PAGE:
We often read comments from travelers who are sooooooo stressed out by the fact that the flights they found have tight connections. There is no need to worry.
Here’s what happens if your layover is in fact too short and you miss your connection: nothing.
You can officially stop worrying now. It’s really not the end of the world.
If your itinerary was purchased as one ticket (as in: you have only one itinerary and one confirmation number), and the connection time was too short and you miss the second (or third) flight, you can rest easy, no matter what happens. The airline will simply put you onto the next available flight, free of charge. No need to worry uselessly.
(If you are building a multi-ticket itinerary by combining tickets and airlines yourself, go to the end of the article, because the following doesn’t apply in your case, it only applies to those buying regular tickets in one piece).
Missing your connection means you’ll arrive later than expected, sure, but you won’t have to buy a new ticket (we really don’t know where this myth comes from). We’ve got great pro tips below to make everything better.
Of course, the missed flight has to be because of circumstances outside of your control, such as your first flight being late or delayed (and not because you decided to stay in an airport lounge too long and didn’t make it to the gate on time for example).
So even if it looks tight, don’t worry about the money part, you can book an itinerary with a short connection time.
You won’t need to pay extra for airfare if you miss the flight, but on the other hand, you will most likely not be compensated by the airline for the incurred delay. It always depends on the amount of time, the reason for the delay and the airline’s policies. As soon as it’s weather-related, you won’t be getting a penny (and that’s normal: airlines can’t control the weather).
Yes, they will assign you a seat on the next available flight, but if you want a compensation for the incurred costs (meals or hotels for example), simply take responsibility and don’t rely on airlines. It’s so easy to have your meals paid for (and your hotel if the delay makes you spend an extra night somewhere)… all you need to do is to pay for your plane ticket with a travel credit card. This is a free protection that’s included with most good travel cards. More details here.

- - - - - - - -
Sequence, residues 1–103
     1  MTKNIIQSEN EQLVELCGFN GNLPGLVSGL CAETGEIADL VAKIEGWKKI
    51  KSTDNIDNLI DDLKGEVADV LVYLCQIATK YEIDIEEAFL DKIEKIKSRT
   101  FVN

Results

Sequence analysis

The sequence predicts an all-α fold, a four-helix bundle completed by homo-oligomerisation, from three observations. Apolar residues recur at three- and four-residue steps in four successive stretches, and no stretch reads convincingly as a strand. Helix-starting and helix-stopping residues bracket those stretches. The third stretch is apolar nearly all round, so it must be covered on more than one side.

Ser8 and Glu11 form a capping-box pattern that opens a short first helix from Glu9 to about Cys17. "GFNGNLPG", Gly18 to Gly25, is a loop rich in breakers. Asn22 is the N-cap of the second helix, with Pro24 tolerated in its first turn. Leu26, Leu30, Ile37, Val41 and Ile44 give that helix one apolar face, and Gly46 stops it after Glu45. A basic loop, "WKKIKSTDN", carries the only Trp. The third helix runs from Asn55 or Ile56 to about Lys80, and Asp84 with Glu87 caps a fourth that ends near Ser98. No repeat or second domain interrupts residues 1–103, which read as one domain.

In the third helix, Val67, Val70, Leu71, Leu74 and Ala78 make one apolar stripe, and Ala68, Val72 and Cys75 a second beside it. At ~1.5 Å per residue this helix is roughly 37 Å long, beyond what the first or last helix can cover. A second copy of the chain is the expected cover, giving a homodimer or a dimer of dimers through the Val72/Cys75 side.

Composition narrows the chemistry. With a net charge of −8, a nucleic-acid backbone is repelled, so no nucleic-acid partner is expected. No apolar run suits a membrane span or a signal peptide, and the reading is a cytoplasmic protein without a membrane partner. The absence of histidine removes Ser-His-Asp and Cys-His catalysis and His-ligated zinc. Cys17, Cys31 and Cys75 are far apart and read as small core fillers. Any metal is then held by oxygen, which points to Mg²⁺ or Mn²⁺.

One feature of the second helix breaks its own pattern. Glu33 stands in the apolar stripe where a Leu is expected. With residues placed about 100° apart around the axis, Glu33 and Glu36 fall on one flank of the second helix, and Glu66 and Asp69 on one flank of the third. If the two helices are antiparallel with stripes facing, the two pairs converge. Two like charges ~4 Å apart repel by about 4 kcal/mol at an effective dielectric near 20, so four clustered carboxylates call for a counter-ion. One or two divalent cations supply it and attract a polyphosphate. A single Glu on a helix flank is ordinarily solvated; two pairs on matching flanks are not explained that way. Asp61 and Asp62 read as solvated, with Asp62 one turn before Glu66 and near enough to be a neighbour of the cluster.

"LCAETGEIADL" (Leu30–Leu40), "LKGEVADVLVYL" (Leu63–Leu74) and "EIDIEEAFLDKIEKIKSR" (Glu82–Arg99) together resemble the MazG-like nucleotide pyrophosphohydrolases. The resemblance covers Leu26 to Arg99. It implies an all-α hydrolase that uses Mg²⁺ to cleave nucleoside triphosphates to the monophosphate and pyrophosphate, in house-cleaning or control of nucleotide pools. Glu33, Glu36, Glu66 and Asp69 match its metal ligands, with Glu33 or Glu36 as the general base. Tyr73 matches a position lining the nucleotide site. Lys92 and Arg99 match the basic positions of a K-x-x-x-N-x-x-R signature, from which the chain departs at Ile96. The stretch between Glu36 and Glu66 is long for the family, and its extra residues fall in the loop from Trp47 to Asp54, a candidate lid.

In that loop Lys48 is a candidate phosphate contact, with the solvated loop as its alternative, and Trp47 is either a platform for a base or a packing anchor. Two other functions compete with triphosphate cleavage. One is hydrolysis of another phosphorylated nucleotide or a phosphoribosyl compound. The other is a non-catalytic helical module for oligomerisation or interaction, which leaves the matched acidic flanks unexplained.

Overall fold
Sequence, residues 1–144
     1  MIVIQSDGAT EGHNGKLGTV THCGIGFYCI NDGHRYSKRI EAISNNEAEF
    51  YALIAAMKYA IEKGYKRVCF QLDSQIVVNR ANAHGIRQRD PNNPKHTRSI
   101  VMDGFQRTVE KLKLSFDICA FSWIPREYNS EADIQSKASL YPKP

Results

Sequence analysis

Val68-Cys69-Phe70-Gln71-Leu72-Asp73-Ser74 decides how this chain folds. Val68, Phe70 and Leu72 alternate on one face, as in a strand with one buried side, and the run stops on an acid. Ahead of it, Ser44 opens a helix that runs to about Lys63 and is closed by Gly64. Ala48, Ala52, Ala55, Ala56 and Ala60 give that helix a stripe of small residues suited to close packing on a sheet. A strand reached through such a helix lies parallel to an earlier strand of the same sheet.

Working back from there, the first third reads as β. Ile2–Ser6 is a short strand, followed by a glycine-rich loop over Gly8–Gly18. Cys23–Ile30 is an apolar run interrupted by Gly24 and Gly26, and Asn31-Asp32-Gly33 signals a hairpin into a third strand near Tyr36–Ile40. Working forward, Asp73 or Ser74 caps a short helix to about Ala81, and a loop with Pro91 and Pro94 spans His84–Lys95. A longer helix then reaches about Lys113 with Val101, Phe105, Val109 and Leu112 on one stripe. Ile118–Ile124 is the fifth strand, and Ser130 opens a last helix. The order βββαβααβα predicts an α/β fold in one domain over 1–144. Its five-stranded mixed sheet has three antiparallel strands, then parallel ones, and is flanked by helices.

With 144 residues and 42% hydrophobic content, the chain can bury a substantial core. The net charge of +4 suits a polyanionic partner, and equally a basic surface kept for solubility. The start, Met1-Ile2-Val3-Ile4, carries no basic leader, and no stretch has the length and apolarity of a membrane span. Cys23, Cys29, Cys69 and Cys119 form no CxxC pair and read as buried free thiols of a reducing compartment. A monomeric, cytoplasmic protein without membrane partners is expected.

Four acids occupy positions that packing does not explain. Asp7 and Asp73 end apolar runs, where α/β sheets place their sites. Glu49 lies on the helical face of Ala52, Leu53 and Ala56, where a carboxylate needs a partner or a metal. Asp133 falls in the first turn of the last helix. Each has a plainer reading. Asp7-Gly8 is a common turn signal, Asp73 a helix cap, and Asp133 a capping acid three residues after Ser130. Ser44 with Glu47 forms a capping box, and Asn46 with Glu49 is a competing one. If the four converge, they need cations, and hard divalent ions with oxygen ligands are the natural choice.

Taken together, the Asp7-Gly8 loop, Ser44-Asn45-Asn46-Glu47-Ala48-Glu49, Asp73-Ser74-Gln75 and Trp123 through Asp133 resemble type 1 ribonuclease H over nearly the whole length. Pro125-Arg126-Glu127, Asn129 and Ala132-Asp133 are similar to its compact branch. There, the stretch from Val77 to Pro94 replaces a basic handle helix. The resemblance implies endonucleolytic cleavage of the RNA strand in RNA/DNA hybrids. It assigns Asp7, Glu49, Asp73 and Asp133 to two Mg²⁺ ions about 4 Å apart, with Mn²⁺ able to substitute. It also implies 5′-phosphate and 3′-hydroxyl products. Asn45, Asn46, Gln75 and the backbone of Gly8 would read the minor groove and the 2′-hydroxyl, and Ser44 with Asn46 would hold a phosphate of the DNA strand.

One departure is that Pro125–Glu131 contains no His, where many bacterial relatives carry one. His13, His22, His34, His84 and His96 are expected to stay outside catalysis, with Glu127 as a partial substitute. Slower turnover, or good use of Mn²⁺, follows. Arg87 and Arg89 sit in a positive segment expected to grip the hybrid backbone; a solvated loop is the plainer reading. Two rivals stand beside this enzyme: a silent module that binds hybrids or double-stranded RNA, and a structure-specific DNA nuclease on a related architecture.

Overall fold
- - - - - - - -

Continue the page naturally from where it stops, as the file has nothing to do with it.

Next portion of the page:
Here’s what to do if it happens to you.
Tips If You Miss Your Connection
Personally, having a little more time abroad when my hotel and my meals are paid for doesn’t bother me too much (not at all in fact). What good could come out of worrying about a delay? If it happens to you, we have two important tips (actually three, the first was obviously to pay with a credit card that will compensate you, as we just mentioned).
First, plan your schedule accordingly, as much as possible. Keep in mind that these kinds of things can always happen (and it will happen to you at some point or another if you travel somewhat often, it’s inevitable) because the aviation industry takes safety very seriously.
As soon as the weather compromises operations in any way, the flights are delayed – for your safety – and the risk of missing your connections and arriving late goes up. This is normal, it happens.
So our advice is to try to, as much as possible, plan for a “buffer” period of at least one day on arrival before an event or an important appointment. Even if everything goes as planned, which it will 95% + of the time, you will be more relaxed because you will have had a day to relax before your important activity or appointment. And if there are delays, you are more likely to be able to be re-booked within a day than you are if you only have a few hours before an event.